Presumably it'd bounce off/get burnt. From what I recall, the 'everything explodes' reaction was specifically something to do with high-energy laser weapons, whose power and incredible speed make them react especially badly. Bullets and the like will just bounce, that's what the shield was designed for, after all. I note that the Dune shield are apparently more fine tuned than that, actually, and would probably happily bounce arrows (and whips)... I think people had to specifically train how to fight against them without swinging the sword too fast...


Accusations of bad faith directed against either blog-mistress or regular commenters are not welcome on this blog.


Should I interpret this to mean that accusations of bad faith directed at irregular commenters are acceptable?


I remember one or two of those arrow/thrown dagger/thrown stone moves slower than a bullet and thus penetrates the force field that is set to repel bullet-speed type object situations- I've read Dune and seen most of the first 5 seasons of Stargate and I think I've seen this plot device elsewhere as well.


I'll admit I used this as well in my CotIW crossover, to explain how the heck a mere monomolecular bayonet propelled by muscle power could possibly hurt a mage in a Barrier Jacket, though not as extreme - a Barrier Jacket is an imperfect shield, and has a 'tension' - it'll block both APFSDS shell from a railgun, an arrow, and a 1 miligram pellet at high velocities... but since it's not a perfect 'wall', some energy leaks through. While more energy will leak through from the high-velocity shell (because more energy is imparted in the first place) Porportionally, more of the arrow's energy risks leaking through simply because it's below the 'tension level' - moreover, while the 1 mg pellet has the same energy, its energy/mass ratio is higher, so it gets blocked... (meanwhile, say, an oxygen molecule, has so little energy it passes through without a problem).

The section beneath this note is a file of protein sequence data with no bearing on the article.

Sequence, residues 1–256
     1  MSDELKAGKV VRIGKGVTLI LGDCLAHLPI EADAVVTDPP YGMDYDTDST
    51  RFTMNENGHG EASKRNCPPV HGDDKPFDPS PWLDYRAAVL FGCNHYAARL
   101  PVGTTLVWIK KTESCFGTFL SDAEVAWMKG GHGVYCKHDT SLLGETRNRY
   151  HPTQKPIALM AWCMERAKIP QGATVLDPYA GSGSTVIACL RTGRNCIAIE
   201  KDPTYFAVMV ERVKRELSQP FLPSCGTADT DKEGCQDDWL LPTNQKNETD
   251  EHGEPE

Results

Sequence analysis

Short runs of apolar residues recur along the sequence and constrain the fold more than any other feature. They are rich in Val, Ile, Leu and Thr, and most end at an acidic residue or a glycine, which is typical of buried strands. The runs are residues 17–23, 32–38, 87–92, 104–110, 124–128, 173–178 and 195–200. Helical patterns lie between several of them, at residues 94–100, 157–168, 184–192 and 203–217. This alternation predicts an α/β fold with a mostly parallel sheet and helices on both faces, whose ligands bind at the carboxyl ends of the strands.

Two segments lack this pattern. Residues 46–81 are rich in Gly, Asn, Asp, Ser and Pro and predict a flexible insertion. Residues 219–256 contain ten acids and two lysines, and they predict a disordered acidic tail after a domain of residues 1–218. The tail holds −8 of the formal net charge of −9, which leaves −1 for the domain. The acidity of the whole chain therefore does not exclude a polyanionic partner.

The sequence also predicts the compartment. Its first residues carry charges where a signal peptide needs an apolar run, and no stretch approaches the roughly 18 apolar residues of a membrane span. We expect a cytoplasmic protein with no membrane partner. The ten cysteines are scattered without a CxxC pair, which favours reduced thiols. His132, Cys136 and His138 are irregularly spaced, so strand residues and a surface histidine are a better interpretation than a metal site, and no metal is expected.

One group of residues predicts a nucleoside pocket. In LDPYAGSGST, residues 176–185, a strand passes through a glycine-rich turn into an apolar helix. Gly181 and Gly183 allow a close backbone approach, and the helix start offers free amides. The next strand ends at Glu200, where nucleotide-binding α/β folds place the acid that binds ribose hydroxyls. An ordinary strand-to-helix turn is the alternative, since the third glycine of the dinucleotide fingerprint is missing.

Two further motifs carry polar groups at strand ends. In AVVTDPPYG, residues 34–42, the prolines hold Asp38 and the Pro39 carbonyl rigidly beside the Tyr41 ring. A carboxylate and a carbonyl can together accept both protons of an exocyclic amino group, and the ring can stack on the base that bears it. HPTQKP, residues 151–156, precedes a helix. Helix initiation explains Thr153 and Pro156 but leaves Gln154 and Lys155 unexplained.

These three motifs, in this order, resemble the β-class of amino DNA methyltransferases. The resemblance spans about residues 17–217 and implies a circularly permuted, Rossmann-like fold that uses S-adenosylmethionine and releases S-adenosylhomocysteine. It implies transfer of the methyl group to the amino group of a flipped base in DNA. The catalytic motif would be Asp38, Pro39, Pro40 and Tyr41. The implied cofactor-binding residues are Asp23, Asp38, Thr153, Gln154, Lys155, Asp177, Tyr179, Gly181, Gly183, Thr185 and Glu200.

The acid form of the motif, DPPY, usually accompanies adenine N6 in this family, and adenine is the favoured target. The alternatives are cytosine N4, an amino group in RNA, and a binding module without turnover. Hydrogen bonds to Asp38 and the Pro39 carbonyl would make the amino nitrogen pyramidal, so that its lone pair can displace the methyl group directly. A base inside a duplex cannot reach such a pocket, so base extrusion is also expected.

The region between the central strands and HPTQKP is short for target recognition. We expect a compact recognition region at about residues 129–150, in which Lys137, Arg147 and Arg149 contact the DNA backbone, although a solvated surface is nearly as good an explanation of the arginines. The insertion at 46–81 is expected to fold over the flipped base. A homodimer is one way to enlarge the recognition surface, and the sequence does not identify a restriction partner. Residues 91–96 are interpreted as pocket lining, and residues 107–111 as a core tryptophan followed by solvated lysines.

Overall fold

I should probably keep this kinda stuff to my blog...

Redwood Rhiadra said...

Before Dune, before Stargate, there was FIRST LENSMAN:

"Why axes? Why not Lewistons, or rifles, or pistols? Because the space armour of that day could withstand almost indefinitely the output of two or three hand-held projectors; because the resistance of its defensive fields varied directly as the cube of the velocity of any material projectile encountering them. Thus, and strangely enough, the advance of science had forced the re-adoption of that long-extinct weapon."

Will Wildman said...

I am fascinated with the boyish-boy > boyish-girl > girlish-boy > girlish-girl hierarchy above, although it seems like it clashes with some of the Platonism that has been implied in Narnia thus far, i.e., that the best things are the ones that represent their own essence and don't try or pretend to be something else. Of course, we heard this implicit statement (things that 'look human but aren't' are bad) from a talking beaver who enjoys fruit preserves in jars, speaks English, and celebrates Christmas, so I guess that message was always going to be at least a little mixed.

(same with atheist Terry Pratchett, who says some wise things about modern paganism while he mocks it.)

He has rather gleefully mentioned how Small Gods got him two major kinds of fan mail: atheists saying "Yeah, stick it to those Christians!" and Christians saying "Thank you for writing such a magnificently positive book about our faith".

Lonespark said...